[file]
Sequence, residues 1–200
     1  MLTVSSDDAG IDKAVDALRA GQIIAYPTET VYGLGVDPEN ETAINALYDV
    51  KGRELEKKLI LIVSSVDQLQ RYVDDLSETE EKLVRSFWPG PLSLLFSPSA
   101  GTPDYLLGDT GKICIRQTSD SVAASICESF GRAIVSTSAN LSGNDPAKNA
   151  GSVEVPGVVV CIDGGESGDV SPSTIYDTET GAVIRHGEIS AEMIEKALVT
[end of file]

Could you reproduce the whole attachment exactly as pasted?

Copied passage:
Sequence, residues 1–200
     1  MLTVSSDDAG IDKAVDALRA GQIIAYPTET VYGLGVDPEN ETAINALYDV
    51  KGRELEKKLI LIVSSVDQLQ RYVDDLSETE EKLVRSFWPG PLSLLFSPSA
   101  GTPDYLLGDT GKICIRQTSD SVAASICESF GRAIVSTSAN LSGNDPAKNA
   151  GSVEVPGVVV CIDGGESGDV SPSTIYDTET GAVIRHGEIS AEMIEKALVT